Yes, today I not only got a Nerd Blast (!!) for you all, but also a Book Blitz! Let’s start this week (and Monday) the right way. 🙂
For today’s post I got the usual suspects, about the setting of the book (guest post), and a giveaway!
Shall we get started?
THE LOVELY BONES meets ALL THE RAGE in a searing, heartbreaking contemporary story of a lost teenager, and the town she leaves behind.
Ellie Frias disappeared long before she vanished.
Tormented throughout middle school, Ellie begins her freshman year with a new look: she doesn’t need to be popular; she just needs to blend in with the wallpaper.
But then the unthinkable happens and Ellie is trapped after a brutal assault. She wasn’t the first victim and now she watches it happen again and again. She tries to hold on to her happier memories in order to get past the cold days, waiting for someone to find her.
The problem is, no one searches for a girl they never noticed in the first place.
TE Carter’s stirring and visceral debut not only discusses and dismantles rape culture but also makes you slow down and think about what it is to be human.
Buy this book here: Amazon |||B&N ||| Indies
About the author:
Find her here:
TE Carter was born in New England and has lived in New England for pretty much her entire life. Throughout her career, she’s done a lot of things, although her passion has always been writing. When she’s not writing, she can generally be found reading classic literature, obsessing over Game of Thrones (she’s one hundred percent Team Lannister), playing Xbox, organizing her comic collection, or binge watching baking competitions. She continues to live in New England with her husband and their two cats.
Guest post time, all about the setting of the book.
When asked about how I choose a setting, it’s hard to answer that exactly. For me, setting is as much a character as the characters themselves. Every story is affected by place and my favorite books include an immersive sense of place within them. When people talk about world building, they’re often thinking fantasy and science fiction, but writers in every genre do a great deal of world building. Whether it’s pulling from an actual place or taking features from real places and turning them into somewhere new, there’s still a process to creating the where and when of a story.
For STOP SOMEWHERE, place was a major part of the story. It’s set in a fictional town in New York called Hollow Oaks. A town in that strange area caught between Upstate and Western NY. I chose that area because the story is also about economic depression and sadly, New York is one of the states in the Northeast that has been affected by the mortgage crisis and recession the worst.
I also knew, as a native New Englander, that my story had to be in a place with seasons. Some people say they don’t care about weather in a story, but when you live in a place like New England, the weather is a story. Seasons create mood and they change people. This is so true in the Northeast. In mid-July, when the sun’s up and the day lasts forever and you can smell someone’s grill going and the ice cream truck is filling the air with its innocent medley, life feels like an opportunity. But come January, as you trek through 14 inches of snow and it’s dark when you leave and when you get home and all you hear and see is silence and darkness, it’s hard to think spring is ever going to happen again. This plays a significant role in my stories, because when you live in this kind of emotionally charged and ever changing place, you start to feel like people mimic seasons themselves.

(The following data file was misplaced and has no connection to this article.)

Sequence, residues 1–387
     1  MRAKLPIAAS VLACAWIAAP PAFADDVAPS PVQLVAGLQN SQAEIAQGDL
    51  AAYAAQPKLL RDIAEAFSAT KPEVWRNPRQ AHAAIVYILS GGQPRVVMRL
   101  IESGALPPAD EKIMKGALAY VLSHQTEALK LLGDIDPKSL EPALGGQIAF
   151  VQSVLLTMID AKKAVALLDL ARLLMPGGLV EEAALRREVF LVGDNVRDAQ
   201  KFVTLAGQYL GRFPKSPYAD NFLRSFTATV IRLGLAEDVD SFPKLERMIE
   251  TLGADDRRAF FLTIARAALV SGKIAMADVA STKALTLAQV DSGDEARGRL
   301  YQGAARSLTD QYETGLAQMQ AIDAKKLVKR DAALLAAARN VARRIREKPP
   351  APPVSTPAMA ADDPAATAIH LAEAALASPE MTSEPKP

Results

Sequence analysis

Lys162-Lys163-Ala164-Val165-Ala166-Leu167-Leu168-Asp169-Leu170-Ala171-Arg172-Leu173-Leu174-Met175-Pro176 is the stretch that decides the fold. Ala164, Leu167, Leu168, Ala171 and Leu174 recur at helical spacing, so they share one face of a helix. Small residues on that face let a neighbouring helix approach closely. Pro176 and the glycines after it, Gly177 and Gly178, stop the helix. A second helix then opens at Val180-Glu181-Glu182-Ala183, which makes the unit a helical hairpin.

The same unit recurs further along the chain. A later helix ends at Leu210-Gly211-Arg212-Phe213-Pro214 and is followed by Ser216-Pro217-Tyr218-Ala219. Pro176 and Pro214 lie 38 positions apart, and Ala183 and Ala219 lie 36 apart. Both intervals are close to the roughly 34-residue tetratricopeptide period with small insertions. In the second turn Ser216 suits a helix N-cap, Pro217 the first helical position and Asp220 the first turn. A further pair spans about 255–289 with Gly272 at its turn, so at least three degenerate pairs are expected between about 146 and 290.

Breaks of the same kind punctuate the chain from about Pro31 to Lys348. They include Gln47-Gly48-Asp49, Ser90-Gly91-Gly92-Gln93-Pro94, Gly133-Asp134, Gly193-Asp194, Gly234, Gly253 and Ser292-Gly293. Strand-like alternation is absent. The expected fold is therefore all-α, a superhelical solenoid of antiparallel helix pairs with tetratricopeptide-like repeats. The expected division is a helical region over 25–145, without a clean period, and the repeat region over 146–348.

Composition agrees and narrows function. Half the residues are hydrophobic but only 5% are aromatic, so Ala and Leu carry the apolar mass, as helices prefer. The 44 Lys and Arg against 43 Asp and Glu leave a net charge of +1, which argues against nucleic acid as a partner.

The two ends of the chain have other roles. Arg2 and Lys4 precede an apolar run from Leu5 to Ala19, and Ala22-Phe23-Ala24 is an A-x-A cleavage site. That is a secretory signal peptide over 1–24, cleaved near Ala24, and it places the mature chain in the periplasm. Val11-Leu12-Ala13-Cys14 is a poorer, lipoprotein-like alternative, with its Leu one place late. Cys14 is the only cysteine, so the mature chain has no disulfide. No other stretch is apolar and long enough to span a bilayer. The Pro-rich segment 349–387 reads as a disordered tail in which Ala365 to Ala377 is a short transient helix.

Hollow Oaks could be any town in theory, but it’s also its unique place and by being so, it has all the elements I needed for the story to work as I wanted it to work. There used to be factories, but over time, they stopped making things at prices people want to pay, and now they’re abandoned. The people who worked there couldn’t afford their homes anymore and now the town is full of empty houses – zombie houses, as they’re called in the news. Abandoned properties where people couldn’t pay the mortgage, but the banks determined weren’t worth the investment in the foreclosure process.
This sets up a power dynamic that allows some people to get away with things they normally couldn’t. Because for the average person, it’s easier to look away if the houses on both sides of yours aren’t rotting. You don’t ask too many questions about the person or people who keep your neighborhood looking pleasant.
Plus there’s winter. The endless despair of long winters that people who live in places with long winters know so well. All of these things culminate in a town that is so burdened that it is destined to break.
My second novel, ALL WE COULD HAVE BEEN (Winter 2019) also deals with poverty and seasons, but differently and therefore, the setting changes. I think when you live somewhere your whole life, it becomes a part of who you are. New England and the Northeast provide so much inspiration – from the beautiful and historic villages to the natural wonders to the sad and broken parts that we don’t know how to keep whole. It’s a treasure for contemporary authors, because we are surrounded by so many stories in the people who live here, too.
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